Designing a headlight ECU with a high-power-density constant-on-time DC/DC buck LED driver


Advanced automotive headlights require dynamic lighting functionality to achieve road-safety-enhancing features like adaptive driving beam and adaptive front lighting systems. These features use LED matrix managers (LMMs) to perform dynamic brightness changes on individual LED pixels. The LED current of a headlight with normal brightness ranges from 350 mA to above 1 A. For such kind of current level, the board size built with traditional devices tend to be big. The trend of headlight is moving for more channels of dynamic lighting functions, there is a need to have a high-power-density DC/DC buck LED driver that supports dynamic load operations for further miniaturization of headlight driver systems.

Let’s review the electronic control unit (ECU) requirements for dynamic headlights implemented with LMMs. Because the LED stack or total string voltage changes dynamically with different road environments, it’s best if the current-providing LED drivers use the smallest possible capacitors. From [1], a boost-into-hysteretic buck architecture is the most optimal choice for ECUs. A buck converter provides a continuous output current to the LED in order to minimize the output capacitances, as shown in Figure 1.

Figure 1: Output current of a buck LED driver

A hysteretic control method best supports the dynamic brightness changes of LEDs, as shown in Figure 2.

Figure 2: Hysteretic operation of a DC/DC LED driver

The nature of hysteretic operation is that the switching frequency will change according to the ratio of the output voltage and input voltage, as shown in Figures 3 and 4, respectively.

Figure 3: Switching frequency vs. output voltage with a fixed input voltage (hysteretic operation)

Figure 4: Switching frequency vs. input voltage with a fixed output voltage (hysteretic operation)

Constant on-time control vs. hysteretic control – pseudo-fixed-frequency operation

For a hysteretic-controlled buck LED driver, the switching frequency changes according to the relationship between the input voltage and the output voltage. A changing switching frequency is sometimes not desirable, especially when trying to minimize electromagnetic interference (EMI). Most designs require a fixed switching frequency so that passive components can tackle the EMI generated around that switching frequency.

Constant on-time control is a hysteretic-based control scheme that provides pseudo-fixed-frequency operation. The duty cycle of the switching frequency is the ratio of the output voltage to the input voltage. If you can control the on time of the switching metal-oxide semiconductor field-effect transistor (MOSFET) such that it is proportional to the ratio of the output voltage to input voltage, then in theory, the switching frequency of the LED driver would stay the same.

Figures 5 and 6 are conceptual block diagrams of a constant on-time-controlled LED driver and the inductor current waveform.

Figure 5: Conceptual block diagram of a constant on-time-controlled buck LED driver

Figure 6: Inductor current ripple at different VIN-VOUT ratios

Since the on time is controlled according to the VIN and VOUT ratio, the duty cycle changes with a defined valley current limit. Therefore, the switching frequency is kept nearly constant, as shown in Figure 6.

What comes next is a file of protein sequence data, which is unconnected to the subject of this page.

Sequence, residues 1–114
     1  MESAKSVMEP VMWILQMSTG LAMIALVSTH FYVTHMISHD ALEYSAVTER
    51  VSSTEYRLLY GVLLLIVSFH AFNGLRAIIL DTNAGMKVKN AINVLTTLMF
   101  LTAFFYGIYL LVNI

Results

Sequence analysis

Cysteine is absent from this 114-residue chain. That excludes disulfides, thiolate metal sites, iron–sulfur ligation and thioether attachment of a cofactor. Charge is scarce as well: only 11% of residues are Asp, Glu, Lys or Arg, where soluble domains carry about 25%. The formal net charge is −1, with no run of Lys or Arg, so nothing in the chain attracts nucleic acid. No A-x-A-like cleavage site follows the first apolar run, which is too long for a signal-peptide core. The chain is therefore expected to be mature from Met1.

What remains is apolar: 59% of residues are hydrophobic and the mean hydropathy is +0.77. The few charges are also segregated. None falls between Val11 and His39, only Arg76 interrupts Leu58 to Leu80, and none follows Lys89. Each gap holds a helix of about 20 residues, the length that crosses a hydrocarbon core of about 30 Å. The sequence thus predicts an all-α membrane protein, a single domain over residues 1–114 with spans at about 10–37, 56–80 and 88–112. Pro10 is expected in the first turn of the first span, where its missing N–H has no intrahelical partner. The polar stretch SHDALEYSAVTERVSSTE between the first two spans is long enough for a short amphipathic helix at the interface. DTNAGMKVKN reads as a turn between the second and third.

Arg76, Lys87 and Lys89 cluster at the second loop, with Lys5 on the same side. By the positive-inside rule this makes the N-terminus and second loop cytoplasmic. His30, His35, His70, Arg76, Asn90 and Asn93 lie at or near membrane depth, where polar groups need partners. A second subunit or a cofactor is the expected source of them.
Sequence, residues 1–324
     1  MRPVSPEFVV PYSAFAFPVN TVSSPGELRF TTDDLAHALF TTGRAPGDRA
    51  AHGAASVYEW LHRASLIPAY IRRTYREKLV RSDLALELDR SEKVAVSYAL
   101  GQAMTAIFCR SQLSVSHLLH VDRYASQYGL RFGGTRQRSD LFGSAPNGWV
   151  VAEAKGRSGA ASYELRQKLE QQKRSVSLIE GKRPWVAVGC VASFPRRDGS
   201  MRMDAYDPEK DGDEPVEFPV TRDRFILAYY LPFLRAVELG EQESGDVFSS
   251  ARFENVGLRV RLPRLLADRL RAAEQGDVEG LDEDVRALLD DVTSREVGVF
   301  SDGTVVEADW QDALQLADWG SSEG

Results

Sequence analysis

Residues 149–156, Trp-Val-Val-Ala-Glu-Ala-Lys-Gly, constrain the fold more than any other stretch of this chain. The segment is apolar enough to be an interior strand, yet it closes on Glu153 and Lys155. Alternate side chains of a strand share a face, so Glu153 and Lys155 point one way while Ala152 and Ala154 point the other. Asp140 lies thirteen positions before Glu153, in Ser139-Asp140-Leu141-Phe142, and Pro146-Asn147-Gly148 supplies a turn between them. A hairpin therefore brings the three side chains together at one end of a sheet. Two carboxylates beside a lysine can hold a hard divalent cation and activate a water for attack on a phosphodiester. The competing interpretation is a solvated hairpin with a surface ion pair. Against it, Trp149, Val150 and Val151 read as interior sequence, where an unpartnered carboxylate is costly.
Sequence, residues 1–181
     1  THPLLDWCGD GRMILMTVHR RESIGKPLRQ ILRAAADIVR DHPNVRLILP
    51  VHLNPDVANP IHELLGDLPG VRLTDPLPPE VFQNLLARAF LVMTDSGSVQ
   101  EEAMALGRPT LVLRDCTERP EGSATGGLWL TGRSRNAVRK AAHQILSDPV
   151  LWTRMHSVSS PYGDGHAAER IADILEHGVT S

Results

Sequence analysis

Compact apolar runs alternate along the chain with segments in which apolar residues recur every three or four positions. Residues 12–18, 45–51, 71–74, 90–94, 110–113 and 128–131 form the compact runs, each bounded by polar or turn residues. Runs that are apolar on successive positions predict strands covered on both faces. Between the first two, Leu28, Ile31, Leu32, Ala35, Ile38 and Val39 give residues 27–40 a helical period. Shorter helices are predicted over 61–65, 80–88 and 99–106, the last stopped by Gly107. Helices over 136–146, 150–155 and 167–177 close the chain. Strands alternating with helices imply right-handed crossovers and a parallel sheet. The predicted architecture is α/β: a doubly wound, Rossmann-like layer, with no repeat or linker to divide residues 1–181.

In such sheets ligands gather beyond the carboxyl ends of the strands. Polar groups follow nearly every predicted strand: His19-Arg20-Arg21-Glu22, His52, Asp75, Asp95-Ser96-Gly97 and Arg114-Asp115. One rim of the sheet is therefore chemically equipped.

Modern ECU requirements

A typical headlight ECU has an average of six to eight channels of output for different light uses: high beam, low beam, daytime running lights, position lights, turn indicators, fog lamps and so on. Figure 7 is a typical block diagram of an ECU. The total output power for such an ECU ranges from 60 W to 120 W. These specifications necessitate a small-sized yet efficient ECU solution – one that can fit in a tight spot within the car body without generating too much heat.

Figure 7: Typical ECU block diagram

The power-density advantage of the TPS92520-Q1

The TPS92520-Q1 monolithic synchronous dual-channel constant on-time DC/DC buck LED driver helps reduce ECU solution size and provides high power-conversion efficiency. It has a programmable switching frequency with up to 2.2-MHz operation. It accepts Serial Peripheral Interface commands from a microcontroller, thus minimizing the number of passive components around the device for parametric setup.

Integrating all four N-channel MOSFETs in the device not only saves space, but also improves power-conversion efficiency because MOSFETs provide a lower turn-on drain-to-source resistance (RDSON). More importantly, the device operates at above 1.8 MHz and reduces the physical size of the inductors. With two buck channels in one package, the number of devices to implement the ECU is half the number of channels; for example, three devices for six channels and four devices for eight channels.

In conclusion, a modern headlight ECU which supports dynamic lighting function requires buck LED drivers. With more and more channels having dynamic lighting functions, high-power-density LED drivers are required. High-power-density LED drivers (such as TPS92520-Q1) help implementing small-size, high performance headlight ECUs.

Additional resources

  1. Read this whitepaper on An ECU Architecture for Adaptive Headlights
  2. Check out the 120 W Dual-Stage Matrix-Compatible Automotive Headlight Reference Design
  3. TPS92520-Q1 buck converter for automotive headlamp ECU evaluation module